Fishing tournament raising funds for Matt Bauer

Fishing tournament raising funds for Matt Bauer
Matt Bauer’s dogs, Mackeral and Mahi, recently visited him at the Moffitt Cancer Center. - Matt Bauer | Submitted

HOLMES BEACH – Twenty-six-year-old Holmes Beach resident Matt Bauer has been diagnosed with leukemia for a second time and the upcoming Fishing for a Cure fishing tournament is raising funds to assist him.

Bauer discussed the tournament and his health on Friday, Nov. 15 speaking by phone from the Moffitt Cancer Center in Tampa, with his mom, Julie Pecor, at his side. Pecor lives in Ellenton and is a nurse at the Bayfront Health hospital in St. Petersburg.

The tournament will begin with a captains’ meeting at Galati Yacht Sales, 900 South Bay Boulevard in Anna Maria on Friday, Nov. 22 at 6 p.m. The entry fee is $50 per angler.

“It’s a catch, photograph and release tournament. Lines can be dropped in the water as soon as the meeting is over. Check-in is Saturday, Nov. 23, and you must be in line with your photos by 3:30 p.m. Photo collection is from 3:30 to 4:30 and the awards ceremony is at 5,” Bauer said.

Participating anglers will earn points according to the length of the longest three snooks, redfish or trout they catch.

Fishing tournament raising funds for Matt Bauer
The Fishing For a Cure tournament will take place Nov. 22 and 23. – Matt Bauer | Submitted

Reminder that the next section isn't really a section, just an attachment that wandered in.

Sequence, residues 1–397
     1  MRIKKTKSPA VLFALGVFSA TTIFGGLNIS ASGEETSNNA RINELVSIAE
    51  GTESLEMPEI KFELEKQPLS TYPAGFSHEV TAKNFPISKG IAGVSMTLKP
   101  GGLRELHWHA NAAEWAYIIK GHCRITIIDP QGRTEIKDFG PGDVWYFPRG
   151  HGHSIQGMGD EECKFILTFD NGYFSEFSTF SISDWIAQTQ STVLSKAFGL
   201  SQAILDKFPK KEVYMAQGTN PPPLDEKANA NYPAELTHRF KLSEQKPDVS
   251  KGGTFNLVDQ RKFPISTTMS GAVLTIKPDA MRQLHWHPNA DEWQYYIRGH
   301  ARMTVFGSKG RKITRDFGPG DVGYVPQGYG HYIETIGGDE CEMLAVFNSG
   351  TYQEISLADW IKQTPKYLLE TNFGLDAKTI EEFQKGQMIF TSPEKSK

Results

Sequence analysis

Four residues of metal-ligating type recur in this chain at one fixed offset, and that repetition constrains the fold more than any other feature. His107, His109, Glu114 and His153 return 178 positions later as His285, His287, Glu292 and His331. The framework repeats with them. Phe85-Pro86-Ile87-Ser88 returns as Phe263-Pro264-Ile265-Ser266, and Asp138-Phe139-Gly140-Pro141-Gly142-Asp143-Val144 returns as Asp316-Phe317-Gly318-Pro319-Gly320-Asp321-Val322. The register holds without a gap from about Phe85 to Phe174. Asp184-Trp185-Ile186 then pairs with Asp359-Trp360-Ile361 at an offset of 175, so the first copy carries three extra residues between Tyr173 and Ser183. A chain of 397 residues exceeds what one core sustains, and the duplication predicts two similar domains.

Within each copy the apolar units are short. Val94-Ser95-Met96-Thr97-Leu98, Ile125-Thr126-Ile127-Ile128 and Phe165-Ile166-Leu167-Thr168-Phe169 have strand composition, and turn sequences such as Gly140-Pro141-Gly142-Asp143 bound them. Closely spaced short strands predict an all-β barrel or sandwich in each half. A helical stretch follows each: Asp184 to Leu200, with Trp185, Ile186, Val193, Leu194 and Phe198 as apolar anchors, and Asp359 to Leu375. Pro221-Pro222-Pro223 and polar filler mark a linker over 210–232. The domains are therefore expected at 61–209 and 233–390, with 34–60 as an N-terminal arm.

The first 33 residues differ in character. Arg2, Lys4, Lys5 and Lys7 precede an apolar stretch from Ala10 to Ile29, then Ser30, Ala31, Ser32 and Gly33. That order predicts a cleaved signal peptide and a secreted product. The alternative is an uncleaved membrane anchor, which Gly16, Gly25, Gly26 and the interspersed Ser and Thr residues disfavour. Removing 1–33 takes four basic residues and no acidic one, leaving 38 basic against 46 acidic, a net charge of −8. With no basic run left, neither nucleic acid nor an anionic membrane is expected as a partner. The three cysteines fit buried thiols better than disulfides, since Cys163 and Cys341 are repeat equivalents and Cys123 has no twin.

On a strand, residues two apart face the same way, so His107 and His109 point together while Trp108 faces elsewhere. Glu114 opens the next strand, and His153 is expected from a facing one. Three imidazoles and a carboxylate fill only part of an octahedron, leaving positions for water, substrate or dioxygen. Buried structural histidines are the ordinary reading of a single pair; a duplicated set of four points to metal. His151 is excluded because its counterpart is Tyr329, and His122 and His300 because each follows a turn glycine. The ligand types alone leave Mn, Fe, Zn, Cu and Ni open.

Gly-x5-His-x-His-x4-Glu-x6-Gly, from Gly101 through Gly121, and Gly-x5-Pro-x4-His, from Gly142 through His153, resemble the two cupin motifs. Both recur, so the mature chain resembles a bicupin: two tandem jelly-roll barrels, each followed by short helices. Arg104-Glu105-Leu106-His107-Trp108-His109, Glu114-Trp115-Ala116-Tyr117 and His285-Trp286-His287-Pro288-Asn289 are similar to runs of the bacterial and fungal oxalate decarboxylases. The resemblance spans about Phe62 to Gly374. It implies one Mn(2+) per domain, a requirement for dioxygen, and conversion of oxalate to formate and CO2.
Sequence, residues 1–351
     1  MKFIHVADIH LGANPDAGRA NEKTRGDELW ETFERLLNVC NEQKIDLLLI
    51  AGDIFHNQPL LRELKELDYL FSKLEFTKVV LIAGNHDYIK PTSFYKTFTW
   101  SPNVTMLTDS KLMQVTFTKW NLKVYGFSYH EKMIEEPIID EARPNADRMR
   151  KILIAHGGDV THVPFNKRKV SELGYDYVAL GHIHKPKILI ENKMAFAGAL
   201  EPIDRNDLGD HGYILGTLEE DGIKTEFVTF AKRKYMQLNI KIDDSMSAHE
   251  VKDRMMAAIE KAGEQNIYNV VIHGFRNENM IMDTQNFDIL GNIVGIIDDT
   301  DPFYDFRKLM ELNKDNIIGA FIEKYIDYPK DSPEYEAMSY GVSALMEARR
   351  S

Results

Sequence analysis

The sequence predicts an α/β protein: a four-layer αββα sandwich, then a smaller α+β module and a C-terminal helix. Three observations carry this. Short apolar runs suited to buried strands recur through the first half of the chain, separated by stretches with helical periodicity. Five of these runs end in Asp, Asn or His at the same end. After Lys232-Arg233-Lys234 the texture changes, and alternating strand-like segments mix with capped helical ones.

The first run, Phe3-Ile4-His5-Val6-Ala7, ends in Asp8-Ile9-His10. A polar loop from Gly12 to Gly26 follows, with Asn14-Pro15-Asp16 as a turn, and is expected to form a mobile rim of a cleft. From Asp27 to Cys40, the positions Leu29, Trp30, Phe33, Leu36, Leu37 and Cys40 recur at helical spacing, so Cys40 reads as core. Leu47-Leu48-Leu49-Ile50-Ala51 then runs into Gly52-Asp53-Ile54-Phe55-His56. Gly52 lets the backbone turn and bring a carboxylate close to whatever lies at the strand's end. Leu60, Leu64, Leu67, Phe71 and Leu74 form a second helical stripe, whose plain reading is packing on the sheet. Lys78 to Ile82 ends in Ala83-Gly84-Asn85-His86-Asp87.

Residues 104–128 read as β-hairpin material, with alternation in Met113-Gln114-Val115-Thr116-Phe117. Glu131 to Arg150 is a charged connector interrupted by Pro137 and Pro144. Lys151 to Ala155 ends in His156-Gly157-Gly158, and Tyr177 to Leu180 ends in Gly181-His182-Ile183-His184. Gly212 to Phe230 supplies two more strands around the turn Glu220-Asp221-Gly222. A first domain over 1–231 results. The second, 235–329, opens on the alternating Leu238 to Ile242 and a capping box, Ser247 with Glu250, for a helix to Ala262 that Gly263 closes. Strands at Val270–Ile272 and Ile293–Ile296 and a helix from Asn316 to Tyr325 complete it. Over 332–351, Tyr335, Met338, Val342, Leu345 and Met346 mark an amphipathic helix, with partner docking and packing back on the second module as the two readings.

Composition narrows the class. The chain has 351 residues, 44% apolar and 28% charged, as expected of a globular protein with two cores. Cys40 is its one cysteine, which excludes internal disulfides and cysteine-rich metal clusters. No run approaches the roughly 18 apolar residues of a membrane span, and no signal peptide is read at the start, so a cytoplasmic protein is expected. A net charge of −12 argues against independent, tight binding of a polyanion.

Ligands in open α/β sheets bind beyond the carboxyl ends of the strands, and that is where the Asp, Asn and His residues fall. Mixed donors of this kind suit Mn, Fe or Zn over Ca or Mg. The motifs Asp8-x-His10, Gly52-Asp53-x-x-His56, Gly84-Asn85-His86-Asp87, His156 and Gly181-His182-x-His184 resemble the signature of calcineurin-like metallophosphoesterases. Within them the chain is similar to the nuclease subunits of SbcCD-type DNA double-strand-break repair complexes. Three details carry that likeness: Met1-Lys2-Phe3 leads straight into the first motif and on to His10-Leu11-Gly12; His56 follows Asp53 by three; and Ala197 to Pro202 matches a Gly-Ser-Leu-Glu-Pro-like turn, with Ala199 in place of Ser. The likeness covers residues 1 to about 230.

“I’m an avid fisherman. I just got my commercial fishing license. I was working on getting my restricted species license and my captain’s license, but I had to put that on hold to take care of this,” Bauer said.

In 2002, when he was nine, Bauer moved from Vermont to Anna Maria Island. After his first bout with leukemia at 16, he moved back to Vermont where he finished high school and attended college before returning to the Island.

Bauer manages a mobile boat detailing business on the Island. His co-worker, Michael Sabato, helped organize the fishing tournament and secure the prizes donated by local businesses. Anna Maria Galati and Mary Lanzino also helped. For more information on the tournament, contact Sabato at 941-465-7622.

“I had 150 T-shirts made for the tournament. I also have 500 orange bracelets we’re selling for $5 to help raise funds for my bills and living expenses,” said Bauer, who does have health insurance.

Fishing tournament raising funds for Matt Bauer
Shelby Counihan designed these fundraising stickers. – Shelby Counihan Designs | Submitted

The fundraising efforts include the ribbon-shaped Team Bauer stickers available for $5 at West Ave Salon, 5008 Manatee Ave. W., in Bradenton. Stickers can be mailed for an extra dollar. Shelby, at Shelby Counihan Designs, designed the stickers and is handling the sticker sales.

Bauer and his girlfriend, Rachel Sturdevant, started an online GoFundMe page: “Matty B’s Second Battle with Leukemia.”

“Rachel has been very supportive. She’s stayed with me pretty much every night here at the hospital. It’s a lot to comprehend for someone who hasn’t been through this before,” Bauer said.

Bauer said he misses his dogs, Mackeral and Mahi.